The profile score is computed by adding together component scores for English, mathematics and general ability, each of which are marks out of 100, to form the profile score out of 300.[11]

As of 2019 the component scores are computed as follows:[11]

  • In general ability the test marks are scaled on a statewide basis to a mean of 60 and a standard deviation of 12 to form the component general ability score out of 100.
  • In mathematics, the component score is the scaled average of the scaled test mark and the moderated school mark. The raw test marks are scaled on a statewide basis to a mean of 60 and a standard deviation of 12 to form the scaled mathematics test marks out of 100. School marks are scaled on a school-by-school basis. The distribution of mathematics school marks for each school is scaled to the same mean and standard deviation, as the mean and standard deviation of the scaled test marks for students at that school. This accounts for different marking standards in different schools. A student's raw school mark, scaled according to this adjusted distribution, is the moderated school mark. The scaled test mark and the moderated school mark for each student is averaged, and the average is then re-scaled on a statewide basis to the mean of 60 and standard deviation of 12 to form the final component score out of 100.
  • In English, the component score is the scaled weighted average of scaled reading and writing scores. The process follows the process used for mathematics, except that the school mark is used twice - once moderated according to reading test marks for the school and averaged with the scaled reading test score, and a second time scaled according to writing test marks for the school and averaged with the scaled writing test score. The average reading score is given a weighting of two thirds and the resultant scores for writing are given a weighting of one third. These two scores are then added and re-scaled on a statewide basis to a mean of 60 and a standard deviation of 12 to form the final component score in English out of 100.

Scaling and moderating school and tests marks ensure that:[11]

  • school and test marks have the same value;
  • school marks from each school are placed on the same scale as the test marks achieved by students from those same schools thereby making it possible to fairly compare school marks from one school with school marks from each other school; and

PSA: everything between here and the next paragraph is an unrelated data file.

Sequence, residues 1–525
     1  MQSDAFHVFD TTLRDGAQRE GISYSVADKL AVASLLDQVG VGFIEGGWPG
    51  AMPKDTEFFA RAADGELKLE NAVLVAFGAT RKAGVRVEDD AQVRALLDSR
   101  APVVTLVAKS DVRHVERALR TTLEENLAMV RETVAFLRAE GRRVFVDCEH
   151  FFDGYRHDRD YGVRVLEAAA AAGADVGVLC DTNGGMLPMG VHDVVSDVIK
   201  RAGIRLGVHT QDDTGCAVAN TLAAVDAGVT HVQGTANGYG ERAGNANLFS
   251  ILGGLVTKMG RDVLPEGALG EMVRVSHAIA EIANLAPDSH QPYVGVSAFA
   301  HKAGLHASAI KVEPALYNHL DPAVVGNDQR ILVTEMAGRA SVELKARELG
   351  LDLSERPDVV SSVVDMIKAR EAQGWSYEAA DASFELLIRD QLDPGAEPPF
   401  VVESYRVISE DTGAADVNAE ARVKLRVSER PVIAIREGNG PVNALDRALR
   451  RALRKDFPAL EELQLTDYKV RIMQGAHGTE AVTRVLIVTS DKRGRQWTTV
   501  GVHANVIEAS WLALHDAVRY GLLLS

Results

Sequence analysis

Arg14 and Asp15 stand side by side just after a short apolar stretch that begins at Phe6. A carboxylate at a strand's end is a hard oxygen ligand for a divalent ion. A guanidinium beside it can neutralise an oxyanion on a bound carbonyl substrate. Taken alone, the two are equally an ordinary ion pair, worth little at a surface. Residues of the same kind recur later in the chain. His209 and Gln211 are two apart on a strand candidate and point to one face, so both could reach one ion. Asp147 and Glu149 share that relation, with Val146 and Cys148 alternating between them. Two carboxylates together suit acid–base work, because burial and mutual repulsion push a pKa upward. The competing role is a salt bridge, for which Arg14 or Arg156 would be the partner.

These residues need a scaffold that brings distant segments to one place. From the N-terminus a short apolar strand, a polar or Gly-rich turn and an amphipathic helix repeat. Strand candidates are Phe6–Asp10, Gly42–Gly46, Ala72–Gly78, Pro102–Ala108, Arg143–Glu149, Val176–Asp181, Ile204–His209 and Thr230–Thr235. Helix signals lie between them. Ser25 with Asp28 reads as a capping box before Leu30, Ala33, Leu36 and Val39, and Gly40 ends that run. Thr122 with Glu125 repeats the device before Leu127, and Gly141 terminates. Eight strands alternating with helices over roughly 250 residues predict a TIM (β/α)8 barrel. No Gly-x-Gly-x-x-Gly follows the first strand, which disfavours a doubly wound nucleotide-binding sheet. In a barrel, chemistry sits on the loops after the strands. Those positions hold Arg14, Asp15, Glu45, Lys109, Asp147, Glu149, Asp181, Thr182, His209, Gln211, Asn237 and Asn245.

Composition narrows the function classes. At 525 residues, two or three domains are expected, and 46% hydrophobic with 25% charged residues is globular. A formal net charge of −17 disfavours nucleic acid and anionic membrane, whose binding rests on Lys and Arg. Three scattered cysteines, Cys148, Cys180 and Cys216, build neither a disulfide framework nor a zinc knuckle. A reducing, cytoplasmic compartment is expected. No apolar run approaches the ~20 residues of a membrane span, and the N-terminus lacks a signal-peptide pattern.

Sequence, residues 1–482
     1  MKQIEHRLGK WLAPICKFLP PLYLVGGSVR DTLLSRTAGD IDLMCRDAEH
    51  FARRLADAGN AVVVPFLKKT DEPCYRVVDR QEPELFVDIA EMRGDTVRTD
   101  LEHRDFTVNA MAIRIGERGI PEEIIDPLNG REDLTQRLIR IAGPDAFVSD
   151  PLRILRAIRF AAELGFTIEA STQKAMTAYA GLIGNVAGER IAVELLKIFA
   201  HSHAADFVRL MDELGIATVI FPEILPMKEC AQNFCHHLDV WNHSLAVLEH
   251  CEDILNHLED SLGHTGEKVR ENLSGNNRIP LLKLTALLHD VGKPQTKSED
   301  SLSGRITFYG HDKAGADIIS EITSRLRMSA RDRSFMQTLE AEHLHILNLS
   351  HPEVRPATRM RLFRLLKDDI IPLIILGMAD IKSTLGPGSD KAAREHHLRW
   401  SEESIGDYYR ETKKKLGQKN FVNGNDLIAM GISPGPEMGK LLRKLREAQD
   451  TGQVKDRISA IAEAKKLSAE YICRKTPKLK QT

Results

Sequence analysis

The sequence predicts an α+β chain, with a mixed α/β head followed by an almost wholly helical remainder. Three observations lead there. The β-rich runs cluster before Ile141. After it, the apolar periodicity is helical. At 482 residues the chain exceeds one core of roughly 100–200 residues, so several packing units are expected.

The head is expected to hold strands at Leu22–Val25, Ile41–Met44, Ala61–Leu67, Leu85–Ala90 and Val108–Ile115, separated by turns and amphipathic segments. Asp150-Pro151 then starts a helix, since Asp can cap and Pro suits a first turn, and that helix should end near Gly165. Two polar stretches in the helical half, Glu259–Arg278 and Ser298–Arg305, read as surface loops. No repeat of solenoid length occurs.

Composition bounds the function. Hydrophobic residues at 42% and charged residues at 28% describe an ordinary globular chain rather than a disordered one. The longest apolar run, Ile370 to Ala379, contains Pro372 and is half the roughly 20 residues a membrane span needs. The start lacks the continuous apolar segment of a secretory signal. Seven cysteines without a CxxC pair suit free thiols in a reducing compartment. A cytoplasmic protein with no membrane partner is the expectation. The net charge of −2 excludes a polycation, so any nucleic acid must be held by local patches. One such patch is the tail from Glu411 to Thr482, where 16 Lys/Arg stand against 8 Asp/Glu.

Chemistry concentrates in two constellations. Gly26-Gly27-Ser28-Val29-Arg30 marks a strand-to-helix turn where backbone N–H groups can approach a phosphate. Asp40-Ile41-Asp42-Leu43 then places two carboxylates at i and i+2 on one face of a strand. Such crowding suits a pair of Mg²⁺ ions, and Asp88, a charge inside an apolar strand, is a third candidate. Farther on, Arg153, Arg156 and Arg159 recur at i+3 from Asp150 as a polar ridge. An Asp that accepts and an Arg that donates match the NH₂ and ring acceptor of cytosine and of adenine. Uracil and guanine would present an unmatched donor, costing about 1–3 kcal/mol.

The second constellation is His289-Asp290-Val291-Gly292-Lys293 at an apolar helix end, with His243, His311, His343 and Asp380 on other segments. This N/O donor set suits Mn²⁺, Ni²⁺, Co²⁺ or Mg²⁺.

• each component (English, mathematics and general ability) has the same value.

The process also includes 'wild-score' processing which identifies students who, based on their school performance, may have done much worse than expected in the test. Where such students have been identified the moderating process takes this into account and adjusts scores accordingly. This ensures that students will not be disadvantaged by other students who attend the same school and may have done much worse than expected because of serious illness, misadventure or other cause.

Offers[edit]

By early July students receive letters informing them of one of three outcomes concerning their application to each school:

  • offer – the student can apply immediately for enrolment in the certain school;
  • reserve list – the student is placed on a waiting list, with the possibility of entry if their place on the list is reached; or
  • unsuccessful – the student will not be considered for a place.

In some cases, an application can be placed on 'hold', meaning it is awaiting the result of further enquiries by the Department of Education.[12]

Other criteria[edit]

Other criteria include age and grade, and current residency status in Australia. This usually requires students to be between 11 years and 5 months and 13 years at the start of the year they wish to commence Year 7, be in Year 6 the year before they wish to enter, and be either a citizen or permanent resident of Australia or a citizen of New Zealand. However, exemptions to some of these requirements may be given in special circumstances or through consultation with the Department of Education.[13]

Debate[edit]

The existence of government selective schools in NSW, which also exist in Victoria,[14] Queensland[15] and Western Australia, has not been without controversy, with much of it centred on the discrepancies between selective high schools and comprehensive high schools.

A significant dismantling of the selective schools system was proposed by an inquiry in 2002 that was funded by the NSW Parents and Citizens Association and the NSW Teachers Federation.[16] At that time, the report called for the changing of 12 of the state's 19 selective high schools to partially selective high schools, retaining only the seven most established schools: Fort Street, North Sydney Boys', North Sydney Girls', Sydney Boys', Sydney Girls', Sydney Technical, and St George Girls'.[16] The recommendation were justified, from the viewpoint of the inquiry's chair UNSW Professor Tony Vinson, by the fact that 'wherever possible, talented students should be able to remain within mainstream schools to maximise social cohesion and "an inclusive school community"'.[16]